Virtual Post MailVirtual Post Mail is a service where, for as little as $5 a month, users get a US-based virtual mailbox that’s secure, reliable, and easy to use. Virtual Post Mail receives the member’s mail and makes hi-res scans of its content to the member. Members can view their mail and packages in high resolution images online using only either their browser or mobile phone. Virtual Post Mail users claim they receive fewer junk mail and none of those unsolicited mails. Virtual Post Mail can even physically send all your mails and goods in bulk. If not, they will even shred all your mails on request.

As much as we love these services, GTOutcast still advice our listeners to move as many of their bills and statements to e-bills wherever possible. This way you get your bills delivered via e-mail, which can be accessed anywhere you go — and you save on trashing paper. And while you can set up many of these services even after you have left home, it’s best you do all necessary paper work and reassurances before setting off on your journey.

Selling foreign goods to fund your vacation? It’s possible

One of the joys of walking around street markets of the world is coming across beautiful, artsy pieces of cultural artifacts and other souvenirs unique to that particular country. Silk clothing in East Asia, clog shoes in Netherlands, ornately designed lamp shades in Istanbul. We could go on, but you get the idea. Ever wondered about buying and selling these pieces back home to raise money and fund your vacation(s)?

Holland shoes Clogs
Image Source

It’s one of the ways we like to think a traveler can make money while still on vacation. It’s something we at GTFOutcast have thought about a lot and even done at a few occasions. Buy high quality, authentic goods from local markets in Latin America or Asia, and then sell them on eBay or through a vendor back home.

Take for example if you plan to sell your foreign merchandise back in the United States. As an American tourist, we are allowed to bring in anywhere from $200 – $1000 worth of foreign merchandise, all depending on the country* we bought the goods from. That is unless you managed to sneak in much more through customs without suspicion. Not that we endorse you do that. (Ahem)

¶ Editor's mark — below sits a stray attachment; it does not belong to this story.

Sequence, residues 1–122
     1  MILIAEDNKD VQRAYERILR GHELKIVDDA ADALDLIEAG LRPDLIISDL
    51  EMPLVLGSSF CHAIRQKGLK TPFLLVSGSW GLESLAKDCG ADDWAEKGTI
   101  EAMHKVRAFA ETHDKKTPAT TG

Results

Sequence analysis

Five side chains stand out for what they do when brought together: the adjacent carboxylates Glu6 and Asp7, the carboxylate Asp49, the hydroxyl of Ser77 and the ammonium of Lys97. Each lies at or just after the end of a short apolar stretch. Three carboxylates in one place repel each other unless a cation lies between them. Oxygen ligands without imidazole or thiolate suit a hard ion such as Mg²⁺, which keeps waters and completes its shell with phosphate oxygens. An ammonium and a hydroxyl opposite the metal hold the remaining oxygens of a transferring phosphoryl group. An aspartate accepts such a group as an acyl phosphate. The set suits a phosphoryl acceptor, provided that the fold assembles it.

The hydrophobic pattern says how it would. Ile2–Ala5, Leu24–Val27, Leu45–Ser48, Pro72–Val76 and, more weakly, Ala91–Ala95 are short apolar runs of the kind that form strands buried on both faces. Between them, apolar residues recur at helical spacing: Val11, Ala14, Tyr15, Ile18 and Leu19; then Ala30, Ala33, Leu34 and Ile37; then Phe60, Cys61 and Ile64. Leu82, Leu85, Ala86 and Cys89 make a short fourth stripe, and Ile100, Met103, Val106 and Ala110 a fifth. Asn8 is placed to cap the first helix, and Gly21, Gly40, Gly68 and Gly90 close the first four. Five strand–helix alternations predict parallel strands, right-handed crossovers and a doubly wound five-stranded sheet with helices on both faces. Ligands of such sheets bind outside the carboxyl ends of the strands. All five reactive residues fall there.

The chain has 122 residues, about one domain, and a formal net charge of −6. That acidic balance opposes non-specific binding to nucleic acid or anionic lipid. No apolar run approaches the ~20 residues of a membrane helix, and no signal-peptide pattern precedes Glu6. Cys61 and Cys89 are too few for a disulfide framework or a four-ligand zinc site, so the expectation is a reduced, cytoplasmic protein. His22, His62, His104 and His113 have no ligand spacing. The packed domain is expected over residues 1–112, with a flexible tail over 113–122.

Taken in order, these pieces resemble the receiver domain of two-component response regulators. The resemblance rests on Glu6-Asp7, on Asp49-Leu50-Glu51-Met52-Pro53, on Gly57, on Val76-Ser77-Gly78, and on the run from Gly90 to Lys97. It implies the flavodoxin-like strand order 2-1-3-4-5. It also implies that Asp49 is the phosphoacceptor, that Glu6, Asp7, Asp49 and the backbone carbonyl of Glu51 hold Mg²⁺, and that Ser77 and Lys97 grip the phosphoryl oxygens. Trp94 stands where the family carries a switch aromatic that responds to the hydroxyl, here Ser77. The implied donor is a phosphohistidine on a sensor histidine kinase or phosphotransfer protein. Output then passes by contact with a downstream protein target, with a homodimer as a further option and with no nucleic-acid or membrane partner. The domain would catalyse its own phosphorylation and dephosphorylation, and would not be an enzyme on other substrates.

Even if you did have to pay customs duty, it is generally less than 10% of the total bill amount you paid (converted to US$). Not to worry, this additional value on top of the price you paid for the goods is negligible if you find buyers still. Say if you bought trinkets from Thailand at $2 a piece, and you find buyers back in America are willing to pay up to $10 or more for something exotic, and definitely an item not easily found in America. Now imagine you bought a 100 pieces of trinkets at $2 a piece and sold them at $10 a piece. At an 80% mark-up, the profits alone come to $800. Sell 200 pieces and you could cover an entire travel budget. Beau Woods is currently in Mexico City and he has been trying to find how to get fresh designs on shirts in Mexico City, ship them back to the US and sell for a profit.

Mexican souvenirs market
Image Source

Selling goods in your home country back from your vacation is one thing, but how can one sell these goods while they are traveling? By using third party fulfillment for arbitrage to simplify the process. You handle the shipping of goods to a third party vendor, and the partner handles the sales process. You can even do this online by partnering with the right vendor on eBay or via Amazon Marketplace. The third party vendor will charge a fee, but it still saves you money and the headaches of handling sales transactions while on the go. And as per the stipulated agreement, the vendor simply wire transfers the money you are owed.

If online isn’t your thing, try contacting your local consignment stores. Just ship the goods via a postal service (or even the expensive courier services) to the consignment store, and they display the goods at their store and act as an agent to conduct the sale.

If the foreign country you are in allows it, you could even set up a small booth or a spot at a local flea market to sell your own goods. For example, hippies who came to Goa (in India) used to be famous for selling their creations and unused valuables in a bid to raise money to fund their stay — or even a ticket back home. That’s how the famous Anjuna Flea Market got its start!

However you sell the goods — by yourself or online using a third party — you really need to be sure of the demand for such goods. To be safe, for starters, only pick products you know can be easily sold through your network of friends back home. Like all businesses, there is some risk involved. What you find cool, others back home may not. You really don’t want to have a backlog of unsold inventory of goods that have no takers. On the flip side, if in the case you are unable to meet demand, or you end up working with an unreliable third party vendor, that’s a lot of dissatisfied customers. A situation hard to handle when you are in the middle of travel.

But if successful, this a great way to make use of your time in a foreign land productively and a means of earning an income while vacationing. Our only advice is you refrain from selling common souvenirs (like fridge magnets, figurines of popular attractions, etc.) that bear the names of a city or country. That’s simply cheating the travel experience for many.

Useful resources:
U.S. Customs and Border Protection – Duty-free exemption, Gifts
Learn more about Amazon Marketplace